Sermon thoughts – 28th Sunday in Ordinary Time B – Mk 10, 17-30

The Gospel of this Sunday is in the form of dialogue. A young man runs to Jesus very dramatically. He should be in some emergency – this is the first impression we get from his action.
To the next step he addresses Jesus as the ‘Good Master’. Jesus is not at all appreciating this addressing. He expresses his dislike by saying: only God alone is good. Jesus wants to avoid possible conflicts with the Jews, by placing himself equal to the goodness God.

The further dialogues shows that the young man really wants something – to inherit the Eternal Life. He is in need of this as, his observations of laws and rituals are not giving him complete joy and peace.

Jesus has only one thing to advice the young man:
if he wants to be complete, then he has to submit his life totally to God.

This was an unexpected reply from Jesus – he might have thought that Jesus will be pleased in hearing that he observes laws and rituals. He might have thought that he can influence Jesus and “get” the Eternal life,
just as some others ‘got’ their healings and more…
This reply of Jesus – to give up everything – was really awesome as he was very rich. He thought he could get the eternal life just as he accumulated his riches. There are so many people in our world having such thinking pattern. They think they can have anything with their money and influence,
which is a wrong concept.

In the Gospel we can see it is not the money itself that becomes a villain. Even though Jesus adds that it is difficult for rich people to get into the kingdom of God, we see so many rich and influential people such as Matthew (a tax collector turned to an Apostel), Zacchaeus, Jairus, Nathanael, Mary Mag’dalene, Joan’na, the wife of Chuza, Herod’s steward, and Susanna, and many others (Lk 8, 1-3) – are really following Jesus and entering in to the Kingdom of God. That means it is not the money or possession that is against the Kingdom of God. It is the attachment that becomes the real issue.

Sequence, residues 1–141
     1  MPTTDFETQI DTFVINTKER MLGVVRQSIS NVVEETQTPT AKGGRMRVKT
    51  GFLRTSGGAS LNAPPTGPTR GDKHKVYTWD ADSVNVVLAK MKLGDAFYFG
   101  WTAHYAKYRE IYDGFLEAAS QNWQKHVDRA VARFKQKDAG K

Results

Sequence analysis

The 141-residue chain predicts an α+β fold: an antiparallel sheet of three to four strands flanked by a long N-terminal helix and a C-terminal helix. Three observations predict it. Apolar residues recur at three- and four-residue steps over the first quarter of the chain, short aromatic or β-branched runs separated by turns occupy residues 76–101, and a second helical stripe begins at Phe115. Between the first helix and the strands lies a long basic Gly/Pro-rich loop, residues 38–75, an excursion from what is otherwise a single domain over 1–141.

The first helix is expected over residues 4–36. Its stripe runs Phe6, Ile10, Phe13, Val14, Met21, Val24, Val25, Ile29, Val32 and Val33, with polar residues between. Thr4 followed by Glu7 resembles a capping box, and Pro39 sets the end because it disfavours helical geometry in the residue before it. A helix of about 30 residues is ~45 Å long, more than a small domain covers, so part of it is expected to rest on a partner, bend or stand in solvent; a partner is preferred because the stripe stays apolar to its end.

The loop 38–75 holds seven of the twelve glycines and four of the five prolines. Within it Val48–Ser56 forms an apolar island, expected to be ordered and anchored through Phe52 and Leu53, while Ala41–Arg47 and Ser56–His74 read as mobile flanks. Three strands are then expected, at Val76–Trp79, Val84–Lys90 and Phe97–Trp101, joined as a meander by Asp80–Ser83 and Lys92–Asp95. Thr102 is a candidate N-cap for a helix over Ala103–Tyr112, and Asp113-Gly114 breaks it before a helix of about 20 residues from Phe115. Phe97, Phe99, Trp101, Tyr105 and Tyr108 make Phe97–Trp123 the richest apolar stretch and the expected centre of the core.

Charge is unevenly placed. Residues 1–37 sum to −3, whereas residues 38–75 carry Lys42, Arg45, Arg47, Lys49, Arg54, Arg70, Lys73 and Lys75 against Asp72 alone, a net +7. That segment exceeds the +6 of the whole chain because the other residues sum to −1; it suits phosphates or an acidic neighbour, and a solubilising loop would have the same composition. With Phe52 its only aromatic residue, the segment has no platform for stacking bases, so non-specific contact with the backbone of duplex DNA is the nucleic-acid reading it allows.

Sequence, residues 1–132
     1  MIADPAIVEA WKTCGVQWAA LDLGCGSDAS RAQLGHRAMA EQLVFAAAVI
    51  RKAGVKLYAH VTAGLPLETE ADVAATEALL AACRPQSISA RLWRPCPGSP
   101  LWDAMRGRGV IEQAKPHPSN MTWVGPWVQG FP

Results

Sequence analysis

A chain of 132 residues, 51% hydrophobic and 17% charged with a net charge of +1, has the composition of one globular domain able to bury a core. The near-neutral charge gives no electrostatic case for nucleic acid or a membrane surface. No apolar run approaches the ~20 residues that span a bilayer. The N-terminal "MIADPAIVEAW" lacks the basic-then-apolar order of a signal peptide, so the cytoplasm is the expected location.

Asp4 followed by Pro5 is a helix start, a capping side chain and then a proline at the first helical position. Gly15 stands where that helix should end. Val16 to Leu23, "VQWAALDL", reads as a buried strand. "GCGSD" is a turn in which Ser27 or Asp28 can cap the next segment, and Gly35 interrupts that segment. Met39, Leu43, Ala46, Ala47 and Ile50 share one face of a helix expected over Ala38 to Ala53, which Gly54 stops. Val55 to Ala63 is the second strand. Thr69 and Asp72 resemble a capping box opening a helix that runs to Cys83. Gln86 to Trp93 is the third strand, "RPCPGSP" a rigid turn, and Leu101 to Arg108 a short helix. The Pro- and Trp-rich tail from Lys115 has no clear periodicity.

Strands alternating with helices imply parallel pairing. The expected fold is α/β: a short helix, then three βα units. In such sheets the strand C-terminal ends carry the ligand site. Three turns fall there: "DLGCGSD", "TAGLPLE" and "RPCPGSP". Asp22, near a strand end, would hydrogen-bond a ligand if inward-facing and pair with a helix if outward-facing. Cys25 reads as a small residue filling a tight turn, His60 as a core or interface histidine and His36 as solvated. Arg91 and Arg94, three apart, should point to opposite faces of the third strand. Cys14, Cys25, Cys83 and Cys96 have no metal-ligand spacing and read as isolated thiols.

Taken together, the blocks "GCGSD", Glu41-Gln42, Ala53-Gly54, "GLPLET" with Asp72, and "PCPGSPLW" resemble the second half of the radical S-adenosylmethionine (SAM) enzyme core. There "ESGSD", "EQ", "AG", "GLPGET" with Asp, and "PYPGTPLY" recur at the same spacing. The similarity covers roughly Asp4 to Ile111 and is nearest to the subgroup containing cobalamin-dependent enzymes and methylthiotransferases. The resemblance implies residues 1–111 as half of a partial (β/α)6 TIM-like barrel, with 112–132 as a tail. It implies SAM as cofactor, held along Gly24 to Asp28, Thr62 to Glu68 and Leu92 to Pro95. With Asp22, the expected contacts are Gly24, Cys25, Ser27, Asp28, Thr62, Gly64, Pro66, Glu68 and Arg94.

The young man was attached to his possessions so much. He wanted to get more and more. And the attachment grew only. So he wanted to attach the ‘Eternal life’ too to his attachments and Possessions where he fails.

He fails, while he fails to detach from the possessions.
This is applicable not only to the rich but to all.
If so, “who can be saved” (v 26) – this question of disciples has only one answer.
Any one who can detach from his earthly possessions can be saved.
If one desires for the eternal life, God must be his possession and he must be attached to God and divine matters.
That is why Jesus warns us: one cannot serve both God and Mammon at the same time (Mt 6, 24). If one’s heart and likes are divided, he will not find joy in both.

Wealth and possessions are good. We need them for our daily life and dealings. But they cannot promise us complete joy.
If not, why many of famous stars and celebrities committing suicide.
Are they lacking money or pleasures or any materials they want?
Yes, riches and possessions and positions may give us incomplete pleasures.
The complete and remaining joy is attained in God alone.

Is that not the same that we heard in the first reading from the wisdom (7, 7-11): The author considers WISDOM greater than any worldly powers or Gold and silver or Health or beauty…He prays for Wisdom only, which can provide everything.

The young man had everything except the wisdom.
So he lacks the joy and serenity; he also misses the call of Jesus for it.

Are these words of scripture making any change in our attitudes?
Do we feel the word as two-edged sword as we read in Hebrews 4, 12-13 in the second reading?

If we are disturbed by these words,
then there is a change needed and it is not too late.
Let us possess God and his Wisdom and Grace more than any thing.
Let us be attached to God first so that we can enjoy the Joy of Eternal life.
God Bless us all. Amen!

– Fr Thomas Kalathil

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